Hi Cindy, the problem comes from the fact that this probiotic yogurt starter works best with our yogurt maker, the Yogourmet Multi, than any other appliance. It's because this starter requires a gradual increase of temperature from 73°F to 110°F, due to the different types of strains in it. You can still use other techniques but you need to incubate at 99°F for 10 hours before putting it in the refrigerator. If the milk you have used is still good you can restart with it and a fresh packet of starter. If you're not sure please use fresh milk. We are aware this might be confusing for people but on our next packaging we will add a note for this alternative way of doing. If you need more information do not hesitate to contact us again. Best regards.

Jame, location Anacortes, United States - 29/06/2015check marc

Can I store in the freezer? What do you recommend and time period?

Yogourmet replied:
Hi Jame, if you keep the starter in the freezer it will keep up to 2 years past the expiration date.

Latifa, location United States - 18/01/2016check marc

Do your starters contain dairy?

Yogourmet replied:
Hi Latifa, yes, all our starters do contain dairy.

Mihaela, location United States - 01/12/2015check marc

Can I make yogurt with this starter in an Instant Pot? If yes, how long is the incubation period?

Yogourmet replied:
Hi Mihaela, I am not familiar with the use of an instant pot to make homemade yogurt but I can give you some important guidelines to make it happen. Yogurt needs to incubate at a steady 42-44°C (108-112°F) temperature for at least 4 hours if you're using Yogourmet original yogurt starter. Concerning Yogourmet yogurt starter with probiotics you absolutely need to use the Yogourmet Multi yogurt maker because this starter requires a gradual increase of temperature from 23-25°C (73-77°F) to 42-44°C (108-112°F). Finally, be sure to use a precision thermometer.

Pat, location Burnet, United States - 26/08/2015check marc

Is the regular yogurt starter you sell also considered probiotic? I want to be making yogurt that is the best for me... So confused by the two different kinds.

Yogourmet replied:
Hi Pat, I agree with you that it might be sometimes confusing. The following bacteria are considered probiotic: Lactobacillus casei, Bifidobacterium ("Bifidus") longum and Lactobacillus acidophilus. These two others, Lactobacillus bulgaricus and Streptococcus thermophilus, are not considered probiotic. In the original Yogourmet yogurt starter there is bulgaricus, thermophilus and acidophilus while Yogourmet probiotic yogurt starter contains the same bacteria but with casei and longum.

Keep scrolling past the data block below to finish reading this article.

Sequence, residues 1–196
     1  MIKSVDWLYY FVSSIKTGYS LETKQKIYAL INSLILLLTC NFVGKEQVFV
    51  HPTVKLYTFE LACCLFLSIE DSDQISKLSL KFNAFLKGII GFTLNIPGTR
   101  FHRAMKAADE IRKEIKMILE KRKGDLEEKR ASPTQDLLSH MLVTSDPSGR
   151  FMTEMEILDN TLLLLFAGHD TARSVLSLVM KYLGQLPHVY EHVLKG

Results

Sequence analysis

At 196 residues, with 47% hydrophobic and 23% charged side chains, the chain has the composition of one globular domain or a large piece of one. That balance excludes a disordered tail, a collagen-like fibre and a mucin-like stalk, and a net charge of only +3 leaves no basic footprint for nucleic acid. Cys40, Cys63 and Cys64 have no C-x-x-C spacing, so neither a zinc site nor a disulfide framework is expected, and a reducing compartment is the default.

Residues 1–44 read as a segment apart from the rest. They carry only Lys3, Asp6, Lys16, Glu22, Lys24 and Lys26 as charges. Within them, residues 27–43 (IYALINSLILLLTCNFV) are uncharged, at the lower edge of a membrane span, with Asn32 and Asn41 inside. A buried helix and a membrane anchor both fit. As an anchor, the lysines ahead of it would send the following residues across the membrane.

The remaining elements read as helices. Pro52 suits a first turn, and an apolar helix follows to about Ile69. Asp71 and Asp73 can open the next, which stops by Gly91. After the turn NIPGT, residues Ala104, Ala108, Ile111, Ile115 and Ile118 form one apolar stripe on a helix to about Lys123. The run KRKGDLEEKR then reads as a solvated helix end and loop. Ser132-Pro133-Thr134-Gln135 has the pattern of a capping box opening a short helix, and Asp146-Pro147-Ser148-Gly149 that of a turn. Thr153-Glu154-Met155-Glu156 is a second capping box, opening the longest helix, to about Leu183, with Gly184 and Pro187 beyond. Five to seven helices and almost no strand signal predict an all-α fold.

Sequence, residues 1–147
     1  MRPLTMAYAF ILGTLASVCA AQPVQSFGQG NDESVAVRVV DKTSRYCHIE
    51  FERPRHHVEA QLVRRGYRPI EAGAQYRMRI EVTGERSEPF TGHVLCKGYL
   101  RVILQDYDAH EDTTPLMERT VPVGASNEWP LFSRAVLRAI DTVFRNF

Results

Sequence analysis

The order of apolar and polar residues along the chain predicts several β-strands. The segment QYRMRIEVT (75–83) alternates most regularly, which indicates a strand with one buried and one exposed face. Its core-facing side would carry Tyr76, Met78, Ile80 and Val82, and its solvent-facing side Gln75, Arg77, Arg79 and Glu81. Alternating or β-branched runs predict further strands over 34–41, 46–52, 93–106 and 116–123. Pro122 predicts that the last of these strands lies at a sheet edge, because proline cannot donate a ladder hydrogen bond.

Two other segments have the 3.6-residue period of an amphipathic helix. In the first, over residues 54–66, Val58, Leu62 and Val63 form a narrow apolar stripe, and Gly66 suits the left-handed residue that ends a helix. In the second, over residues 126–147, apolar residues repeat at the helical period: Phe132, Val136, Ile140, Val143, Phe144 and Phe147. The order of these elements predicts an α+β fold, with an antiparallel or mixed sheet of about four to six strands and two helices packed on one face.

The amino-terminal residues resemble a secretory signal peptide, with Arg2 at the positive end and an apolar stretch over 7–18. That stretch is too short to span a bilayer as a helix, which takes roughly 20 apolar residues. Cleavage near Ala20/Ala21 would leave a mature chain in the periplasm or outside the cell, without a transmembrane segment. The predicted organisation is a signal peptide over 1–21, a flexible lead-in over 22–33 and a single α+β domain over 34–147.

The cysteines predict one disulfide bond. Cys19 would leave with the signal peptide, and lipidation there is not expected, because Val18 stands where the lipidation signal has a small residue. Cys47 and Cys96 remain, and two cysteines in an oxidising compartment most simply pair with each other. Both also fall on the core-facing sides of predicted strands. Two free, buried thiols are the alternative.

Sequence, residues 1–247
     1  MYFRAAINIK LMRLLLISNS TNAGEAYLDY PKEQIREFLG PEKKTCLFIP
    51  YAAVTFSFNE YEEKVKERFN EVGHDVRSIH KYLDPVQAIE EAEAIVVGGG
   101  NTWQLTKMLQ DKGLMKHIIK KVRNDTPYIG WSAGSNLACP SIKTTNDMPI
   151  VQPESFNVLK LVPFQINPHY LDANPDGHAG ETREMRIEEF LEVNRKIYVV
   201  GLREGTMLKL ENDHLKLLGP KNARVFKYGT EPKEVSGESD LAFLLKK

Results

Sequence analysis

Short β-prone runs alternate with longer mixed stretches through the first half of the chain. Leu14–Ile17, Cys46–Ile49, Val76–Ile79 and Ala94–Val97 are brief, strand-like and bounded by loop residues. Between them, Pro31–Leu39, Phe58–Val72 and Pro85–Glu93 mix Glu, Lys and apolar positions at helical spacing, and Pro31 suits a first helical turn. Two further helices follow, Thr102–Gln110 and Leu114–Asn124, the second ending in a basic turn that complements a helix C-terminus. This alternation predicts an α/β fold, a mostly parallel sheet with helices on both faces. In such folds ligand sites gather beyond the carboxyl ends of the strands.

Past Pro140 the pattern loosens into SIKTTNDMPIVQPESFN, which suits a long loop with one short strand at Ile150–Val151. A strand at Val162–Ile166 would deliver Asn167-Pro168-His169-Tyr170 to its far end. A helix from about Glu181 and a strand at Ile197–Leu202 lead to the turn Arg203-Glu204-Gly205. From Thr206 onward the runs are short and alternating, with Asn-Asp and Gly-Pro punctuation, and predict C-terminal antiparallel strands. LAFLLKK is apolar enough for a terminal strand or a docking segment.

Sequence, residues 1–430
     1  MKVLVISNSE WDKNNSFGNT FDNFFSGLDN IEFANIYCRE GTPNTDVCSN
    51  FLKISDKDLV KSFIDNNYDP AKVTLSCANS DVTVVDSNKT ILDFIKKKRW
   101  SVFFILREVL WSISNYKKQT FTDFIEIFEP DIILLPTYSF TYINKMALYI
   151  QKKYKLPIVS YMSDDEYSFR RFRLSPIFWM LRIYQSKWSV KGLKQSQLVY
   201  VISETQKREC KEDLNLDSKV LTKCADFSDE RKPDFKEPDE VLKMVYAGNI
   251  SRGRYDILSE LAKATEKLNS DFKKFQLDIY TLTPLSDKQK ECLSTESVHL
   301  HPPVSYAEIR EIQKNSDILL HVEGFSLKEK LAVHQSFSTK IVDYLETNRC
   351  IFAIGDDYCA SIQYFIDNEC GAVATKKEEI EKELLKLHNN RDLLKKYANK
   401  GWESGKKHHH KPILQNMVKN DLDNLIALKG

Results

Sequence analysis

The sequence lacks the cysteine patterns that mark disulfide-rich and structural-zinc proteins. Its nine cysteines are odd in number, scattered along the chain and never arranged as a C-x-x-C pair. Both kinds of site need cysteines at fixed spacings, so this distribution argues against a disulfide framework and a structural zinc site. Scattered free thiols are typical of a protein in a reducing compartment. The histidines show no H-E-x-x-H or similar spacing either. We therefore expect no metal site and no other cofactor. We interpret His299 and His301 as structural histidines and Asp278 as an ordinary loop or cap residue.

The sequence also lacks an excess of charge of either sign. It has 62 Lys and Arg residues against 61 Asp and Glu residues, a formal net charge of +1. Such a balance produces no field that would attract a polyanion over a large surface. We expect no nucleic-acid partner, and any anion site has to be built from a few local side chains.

Ruth, location Arlington, United States - 01/08/2015check marc

With the probiotic yogurt starter, I get delicious yogurt but the texture is a little grainy. I heat the milk slowly to 180F and hold it there for 10 min before cooling.

Yogourmet replied:
Hi Ruth, the temperature is good but maybe you are heating the milk too long when it reaches 180°F. At the moment you reach the good temperature you can take it off the stove and let it cool down. For probiotic homemade yogurt be sure the milk cools down to 73-77°F before adding the starter.

S, location Duxbury, United States - 20/06/2015check marc

I am diabetic and usually culture my yogurt for 24 hours to minimize lactose. Will that work with your probiotic yogurt starter?

Yogourmet replied:
Hi S, the result will be the same except for the taste, it will be more sour than regular yogurt (after a 24 hours incubation).

Yvonne, location Dublin, - 07/01/2016check marc

Dear sir, We are looking to source freeze-dried yogurts in small sachets, can you supply us please? Thank you. Yvonne Dolan Manager

Yogourmet replied:
Hi Mrs. Dolan, thank you for your interest in our products. Of course we can supply you with yogurt starter/culture packets, you have the choice between selling our Yogourmet products or selling under your own brand with a different packaging.


NOTE: Only english questions are displayed.

Net weight

18 g (6 sachets of 3g each)

For 6 liters (quarts)


64.5 x 29.5 x 94.5 mm
2.54 x 1.16 x 3.72 in